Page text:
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Influence of light intensity and substrate color on dorsal gray color change in Phrynocephalus helioscopus and Phrynocephalus grumgrzimailoi

Tao, Xiaqiu, Jiang, Zhigang, Ji, Shengnan, Chu, Hongjun, Yang, Daode, Li, Chunwang
Journal of arid environments 2018 v.157 pp. 22-26
Phrynocephalus, color, dry environmental conditions, habitats, light intensity, lizards, mimicry (behavior), predation, reproductive success, risk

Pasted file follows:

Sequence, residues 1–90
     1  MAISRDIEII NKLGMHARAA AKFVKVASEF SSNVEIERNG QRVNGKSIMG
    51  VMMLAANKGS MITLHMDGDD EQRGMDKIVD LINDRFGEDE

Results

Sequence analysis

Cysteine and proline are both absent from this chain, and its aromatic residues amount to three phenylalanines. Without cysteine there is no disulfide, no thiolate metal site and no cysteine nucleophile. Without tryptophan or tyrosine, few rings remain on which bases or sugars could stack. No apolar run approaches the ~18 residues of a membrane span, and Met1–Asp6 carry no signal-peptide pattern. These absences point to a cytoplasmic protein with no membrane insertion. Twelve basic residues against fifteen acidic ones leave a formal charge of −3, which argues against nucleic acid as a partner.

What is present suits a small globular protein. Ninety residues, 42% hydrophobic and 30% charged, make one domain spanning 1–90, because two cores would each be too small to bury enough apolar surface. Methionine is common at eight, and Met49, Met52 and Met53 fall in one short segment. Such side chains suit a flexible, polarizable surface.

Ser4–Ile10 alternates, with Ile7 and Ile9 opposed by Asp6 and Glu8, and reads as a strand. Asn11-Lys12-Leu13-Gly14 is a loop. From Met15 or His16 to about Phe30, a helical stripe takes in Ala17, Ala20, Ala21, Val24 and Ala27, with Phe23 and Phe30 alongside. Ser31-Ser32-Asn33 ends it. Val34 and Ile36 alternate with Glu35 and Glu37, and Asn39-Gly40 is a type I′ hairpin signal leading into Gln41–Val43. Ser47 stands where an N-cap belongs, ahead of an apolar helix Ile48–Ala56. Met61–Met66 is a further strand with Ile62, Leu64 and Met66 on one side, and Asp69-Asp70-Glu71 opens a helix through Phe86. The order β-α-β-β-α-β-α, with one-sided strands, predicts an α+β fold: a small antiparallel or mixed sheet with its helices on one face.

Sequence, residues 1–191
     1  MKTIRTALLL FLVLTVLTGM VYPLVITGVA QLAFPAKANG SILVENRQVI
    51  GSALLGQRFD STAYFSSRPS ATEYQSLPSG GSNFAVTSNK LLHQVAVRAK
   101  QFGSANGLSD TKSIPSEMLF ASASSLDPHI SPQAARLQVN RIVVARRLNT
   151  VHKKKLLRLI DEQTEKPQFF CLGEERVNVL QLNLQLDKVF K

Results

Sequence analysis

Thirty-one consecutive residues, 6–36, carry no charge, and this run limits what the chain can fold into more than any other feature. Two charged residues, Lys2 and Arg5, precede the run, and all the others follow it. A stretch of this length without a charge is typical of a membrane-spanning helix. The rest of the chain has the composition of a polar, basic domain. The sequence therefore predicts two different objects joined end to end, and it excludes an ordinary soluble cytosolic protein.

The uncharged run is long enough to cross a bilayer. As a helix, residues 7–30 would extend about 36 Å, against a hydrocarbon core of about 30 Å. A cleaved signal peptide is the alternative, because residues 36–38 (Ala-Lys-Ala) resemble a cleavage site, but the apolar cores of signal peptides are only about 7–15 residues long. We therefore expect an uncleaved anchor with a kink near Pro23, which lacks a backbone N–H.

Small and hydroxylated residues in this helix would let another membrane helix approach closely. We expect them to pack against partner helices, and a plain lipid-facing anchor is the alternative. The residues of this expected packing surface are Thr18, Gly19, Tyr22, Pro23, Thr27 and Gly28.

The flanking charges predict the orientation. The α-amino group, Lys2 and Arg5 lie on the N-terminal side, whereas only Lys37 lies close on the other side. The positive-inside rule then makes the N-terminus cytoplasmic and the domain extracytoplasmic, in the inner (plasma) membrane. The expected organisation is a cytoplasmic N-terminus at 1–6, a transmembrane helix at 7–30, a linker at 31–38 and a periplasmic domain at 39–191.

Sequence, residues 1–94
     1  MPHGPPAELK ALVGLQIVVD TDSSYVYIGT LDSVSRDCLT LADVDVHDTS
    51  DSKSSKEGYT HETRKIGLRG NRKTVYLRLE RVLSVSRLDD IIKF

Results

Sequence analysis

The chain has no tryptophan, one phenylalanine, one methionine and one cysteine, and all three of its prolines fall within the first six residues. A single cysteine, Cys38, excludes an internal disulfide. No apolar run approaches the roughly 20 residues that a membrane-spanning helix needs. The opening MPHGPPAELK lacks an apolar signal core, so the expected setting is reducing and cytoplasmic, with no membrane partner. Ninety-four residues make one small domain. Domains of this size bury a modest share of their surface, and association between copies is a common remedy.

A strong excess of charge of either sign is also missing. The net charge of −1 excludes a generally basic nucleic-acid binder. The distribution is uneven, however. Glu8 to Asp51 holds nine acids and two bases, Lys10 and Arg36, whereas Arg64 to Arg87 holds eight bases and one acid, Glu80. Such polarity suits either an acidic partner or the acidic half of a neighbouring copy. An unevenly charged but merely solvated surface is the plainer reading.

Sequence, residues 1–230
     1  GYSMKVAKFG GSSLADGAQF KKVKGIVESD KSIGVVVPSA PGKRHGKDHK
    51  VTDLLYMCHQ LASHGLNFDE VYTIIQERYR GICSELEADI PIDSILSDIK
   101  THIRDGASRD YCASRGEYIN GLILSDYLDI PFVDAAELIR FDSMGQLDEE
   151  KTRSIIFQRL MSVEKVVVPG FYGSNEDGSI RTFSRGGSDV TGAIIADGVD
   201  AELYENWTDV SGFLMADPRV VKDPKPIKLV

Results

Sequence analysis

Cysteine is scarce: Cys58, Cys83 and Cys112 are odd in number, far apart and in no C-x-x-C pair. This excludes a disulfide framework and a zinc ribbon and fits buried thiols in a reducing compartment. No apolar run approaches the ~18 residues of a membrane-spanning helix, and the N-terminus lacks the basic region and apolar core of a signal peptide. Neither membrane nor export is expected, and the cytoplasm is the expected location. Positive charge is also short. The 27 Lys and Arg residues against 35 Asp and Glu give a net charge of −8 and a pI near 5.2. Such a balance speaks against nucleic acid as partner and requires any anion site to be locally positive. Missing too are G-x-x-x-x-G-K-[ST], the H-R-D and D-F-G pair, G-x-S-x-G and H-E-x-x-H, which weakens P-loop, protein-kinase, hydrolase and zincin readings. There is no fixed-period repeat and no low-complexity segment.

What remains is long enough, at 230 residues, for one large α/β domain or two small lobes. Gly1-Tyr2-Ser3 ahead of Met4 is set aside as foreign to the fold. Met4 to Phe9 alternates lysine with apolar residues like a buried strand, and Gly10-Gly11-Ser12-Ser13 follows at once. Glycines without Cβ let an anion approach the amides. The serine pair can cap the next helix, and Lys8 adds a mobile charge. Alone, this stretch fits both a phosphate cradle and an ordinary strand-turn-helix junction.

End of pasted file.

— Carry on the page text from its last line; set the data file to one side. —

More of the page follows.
Body coloration is a functional adaptation that increases reproductive success or decreases the predation risk in animals. To understand the effect of light and substrate on coloration, we investigated the dorsal gray change in Phrynocephalus helioscopus and Phrynocephalus grumgrzimailoi maintained in habitats with a different light intensity and different substrate. We measured their gray gradient under different light and substrate conditions to establish the functional meaning of color change. We found that (1) in these two species, the gray level of dorsal gray decreased when they were housed on a light substrate with a high light intensity, (2) they increased their dorsal gray color when they were housed on a dark substrate with a low light intensity, and (3) P. helioscopus became darker than P. grumgrzimailoi with increasing light intensity but became brighter as the substrate darkened. These results imply that light intensity and substrate treatments induced strong color change responses. Phrynocephalus helioscopus used light and P. grumgrzimailoi used substrate as their main color change cues. Phrynocephalus grumgrzimailoi was likely to actively avoid predation while P. helioscopus has a thermoregulatory adaptation. We suggested that both light and substrate are important for color changing and camouflage capability in these lizards.